Vika. ‘Happiness is electricity, hot water, food and no bombs’

Дата: 11 February 2016 Автор: Kyra Kreyderman , Uljana Ustinova
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Vika is a delicate girl dreaming of peace. Her story is the story of a grown-up who already knows what it means to lose a chance and of a very strong personality who knows exactly what the happiness is.

We continue publishing the stories of people who represent the variety of united Ukraine within the series of articles “Together”.

My performances on the stage and my workouts were my life. I woke up, went to school, went to the gym, slept in the bus because I was constantly tired, went home, made my homework, and a new day came. Last year, everything happened spontaneously. I just stopped taking my dance classes and I was constantly saying to myself: “I quitted for a while, it’s just for some time.” That last year, I understood that I would be an in-demand dancer if I had trained much, but the chance is lost now.

I love very much the inhabitants of Sartana [Donetsk region] for our unity, for our being the patriots of Sartana, for our love for Sartana. Now we are bound by the desire not to leave. We all have beautiful houses. People have been working all their life to build a house, and many have nothing but their house. It is very painful when your house is being bombed.

I left for two weeks, but then I realized that I wanted to go home. I have returned home, I live without electricity, but I’m home. It is a pleasure to drink from my cup and sleep with my toy. Happiness is when you are not bombed, when you have electricity, hot water and food, when you can meet up with friends and make plan for the next week at least.

I do not consider those who left Sartana to be traitors. If it is more comfortable for a person to move, it is a human life and no one has the right to decide whether this person should stay or leave. Leaving is the most difficult thing, which I cannot get used to. I’ve got used to bombing, but leaving, the feeling that people are far away in different cities and countries hurts much.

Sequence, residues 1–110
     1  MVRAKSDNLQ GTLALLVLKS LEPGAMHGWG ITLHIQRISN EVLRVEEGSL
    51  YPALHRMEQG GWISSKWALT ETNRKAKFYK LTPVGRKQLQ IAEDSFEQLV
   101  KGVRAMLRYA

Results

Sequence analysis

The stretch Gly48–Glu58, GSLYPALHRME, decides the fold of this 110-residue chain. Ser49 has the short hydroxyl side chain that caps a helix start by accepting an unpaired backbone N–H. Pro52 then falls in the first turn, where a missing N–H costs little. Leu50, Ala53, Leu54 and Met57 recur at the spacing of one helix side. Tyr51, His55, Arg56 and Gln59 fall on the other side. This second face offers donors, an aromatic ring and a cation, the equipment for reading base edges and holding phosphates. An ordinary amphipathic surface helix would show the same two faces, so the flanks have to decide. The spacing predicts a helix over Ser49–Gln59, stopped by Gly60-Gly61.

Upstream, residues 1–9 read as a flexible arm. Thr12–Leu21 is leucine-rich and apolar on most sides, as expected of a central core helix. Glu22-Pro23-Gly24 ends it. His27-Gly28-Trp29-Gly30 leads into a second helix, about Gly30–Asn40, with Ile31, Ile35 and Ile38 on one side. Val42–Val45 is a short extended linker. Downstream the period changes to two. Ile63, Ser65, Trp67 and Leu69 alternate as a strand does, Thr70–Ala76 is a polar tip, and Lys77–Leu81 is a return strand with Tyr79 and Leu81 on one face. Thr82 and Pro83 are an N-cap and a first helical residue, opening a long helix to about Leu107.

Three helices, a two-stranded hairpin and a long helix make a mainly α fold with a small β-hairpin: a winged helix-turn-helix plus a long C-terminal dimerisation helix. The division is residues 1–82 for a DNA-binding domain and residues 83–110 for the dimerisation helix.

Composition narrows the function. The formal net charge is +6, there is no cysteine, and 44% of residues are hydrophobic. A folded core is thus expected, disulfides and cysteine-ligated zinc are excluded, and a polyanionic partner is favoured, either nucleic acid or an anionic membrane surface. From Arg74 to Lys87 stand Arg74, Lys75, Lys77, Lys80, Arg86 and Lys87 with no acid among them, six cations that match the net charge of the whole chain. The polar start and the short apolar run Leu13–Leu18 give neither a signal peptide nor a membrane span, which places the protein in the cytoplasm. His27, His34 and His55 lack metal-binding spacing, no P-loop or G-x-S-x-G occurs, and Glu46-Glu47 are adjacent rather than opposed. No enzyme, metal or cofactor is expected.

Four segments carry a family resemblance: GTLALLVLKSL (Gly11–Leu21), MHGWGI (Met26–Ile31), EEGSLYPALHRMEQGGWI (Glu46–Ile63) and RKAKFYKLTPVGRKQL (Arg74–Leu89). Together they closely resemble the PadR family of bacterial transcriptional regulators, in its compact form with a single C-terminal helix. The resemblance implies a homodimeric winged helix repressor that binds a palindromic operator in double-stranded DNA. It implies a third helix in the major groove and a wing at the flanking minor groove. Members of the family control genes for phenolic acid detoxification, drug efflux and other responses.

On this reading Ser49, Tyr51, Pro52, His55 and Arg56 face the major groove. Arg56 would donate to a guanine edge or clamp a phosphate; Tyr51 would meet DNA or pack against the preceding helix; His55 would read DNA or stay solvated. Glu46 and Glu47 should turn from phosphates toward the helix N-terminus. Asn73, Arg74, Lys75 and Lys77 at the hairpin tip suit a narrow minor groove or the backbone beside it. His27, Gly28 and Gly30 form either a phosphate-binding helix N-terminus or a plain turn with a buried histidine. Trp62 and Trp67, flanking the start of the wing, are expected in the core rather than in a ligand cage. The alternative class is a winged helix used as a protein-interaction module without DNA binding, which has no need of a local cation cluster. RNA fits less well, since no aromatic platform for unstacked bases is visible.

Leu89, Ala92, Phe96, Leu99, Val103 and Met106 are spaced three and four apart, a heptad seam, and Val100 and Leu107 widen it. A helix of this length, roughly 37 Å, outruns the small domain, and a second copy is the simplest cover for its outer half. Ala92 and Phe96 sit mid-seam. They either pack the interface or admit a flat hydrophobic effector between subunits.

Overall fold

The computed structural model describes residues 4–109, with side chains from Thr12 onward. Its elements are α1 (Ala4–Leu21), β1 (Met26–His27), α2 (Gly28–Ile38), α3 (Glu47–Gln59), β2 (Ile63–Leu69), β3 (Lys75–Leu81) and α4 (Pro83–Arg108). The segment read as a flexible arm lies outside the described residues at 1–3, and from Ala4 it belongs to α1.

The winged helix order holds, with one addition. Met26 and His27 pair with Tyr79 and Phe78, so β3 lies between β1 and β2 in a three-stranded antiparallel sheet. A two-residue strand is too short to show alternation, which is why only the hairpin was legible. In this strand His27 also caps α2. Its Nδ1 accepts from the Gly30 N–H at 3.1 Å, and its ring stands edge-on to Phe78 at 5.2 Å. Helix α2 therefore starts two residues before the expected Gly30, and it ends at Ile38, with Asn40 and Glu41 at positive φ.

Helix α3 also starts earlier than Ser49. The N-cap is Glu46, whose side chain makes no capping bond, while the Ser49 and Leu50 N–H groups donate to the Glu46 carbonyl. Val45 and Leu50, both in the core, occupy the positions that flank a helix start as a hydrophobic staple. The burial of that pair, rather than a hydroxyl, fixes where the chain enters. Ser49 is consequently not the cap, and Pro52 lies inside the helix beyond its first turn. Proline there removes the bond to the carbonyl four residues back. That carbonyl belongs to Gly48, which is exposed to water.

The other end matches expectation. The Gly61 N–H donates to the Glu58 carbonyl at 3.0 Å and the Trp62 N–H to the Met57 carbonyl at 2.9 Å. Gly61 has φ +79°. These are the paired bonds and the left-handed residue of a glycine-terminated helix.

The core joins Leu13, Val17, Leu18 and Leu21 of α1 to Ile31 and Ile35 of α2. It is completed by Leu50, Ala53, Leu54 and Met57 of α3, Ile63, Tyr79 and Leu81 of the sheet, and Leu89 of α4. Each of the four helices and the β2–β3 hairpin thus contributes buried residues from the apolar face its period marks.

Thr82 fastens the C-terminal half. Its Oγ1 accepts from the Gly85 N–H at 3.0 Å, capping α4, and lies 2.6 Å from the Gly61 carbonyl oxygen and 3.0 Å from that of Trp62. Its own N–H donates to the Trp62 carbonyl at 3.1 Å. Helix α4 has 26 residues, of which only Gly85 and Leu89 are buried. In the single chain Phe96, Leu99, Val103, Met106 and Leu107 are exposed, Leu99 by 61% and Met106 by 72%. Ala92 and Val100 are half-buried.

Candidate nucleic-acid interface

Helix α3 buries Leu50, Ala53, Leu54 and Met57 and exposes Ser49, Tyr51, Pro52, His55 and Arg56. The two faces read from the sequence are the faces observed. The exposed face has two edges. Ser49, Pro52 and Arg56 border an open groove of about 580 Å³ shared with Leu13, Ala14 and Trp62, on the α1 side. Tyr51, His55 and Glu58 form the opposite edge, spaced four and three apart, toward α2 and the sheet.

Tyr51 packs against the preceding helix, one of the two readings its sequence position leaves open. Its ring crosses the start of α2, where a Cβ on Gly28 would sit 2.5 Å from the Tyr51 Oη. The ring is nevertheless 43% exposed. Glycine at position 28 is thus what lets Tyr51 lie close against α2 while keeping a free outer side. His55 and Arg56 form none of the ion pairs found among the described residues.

When Sartana is being shelled, people from different cities call and ask: “How are you?” When someone goes on vacation far away, they will not calm down till they reach us and know that we are fine. It helps much to know that someone needs us, that our relatives and friends need us. It helps to live, to do something.

For me, tolerance is the world without war.

There is a village of Chernenky near Sartana, the hostilities are continuing there. It is very difficult to get there, you will need permits. I used to go there to visit my relatives for two or three days every summer. I love the nature there – the hills, very clean river, and you can climb on the rocks. There is a shop and several streets in this village. I could just go out for a walk at night. I really love this place, you do not need to think how you look like there, you feel just relaxed. It was like a trip to the sea, but I had a river there.

The exhibition was created by A. Lenchovska, K. Kreyderman, A. Voitenko, D. Verstak in cooperation with the Anne Frank House (Netherlands) with the financial support of the MATRA program in 2011. The exhibition was held in 17 cities of Ukraine in 2011-2014.

Photo credit: Dana Verstak, Yana Korobenko

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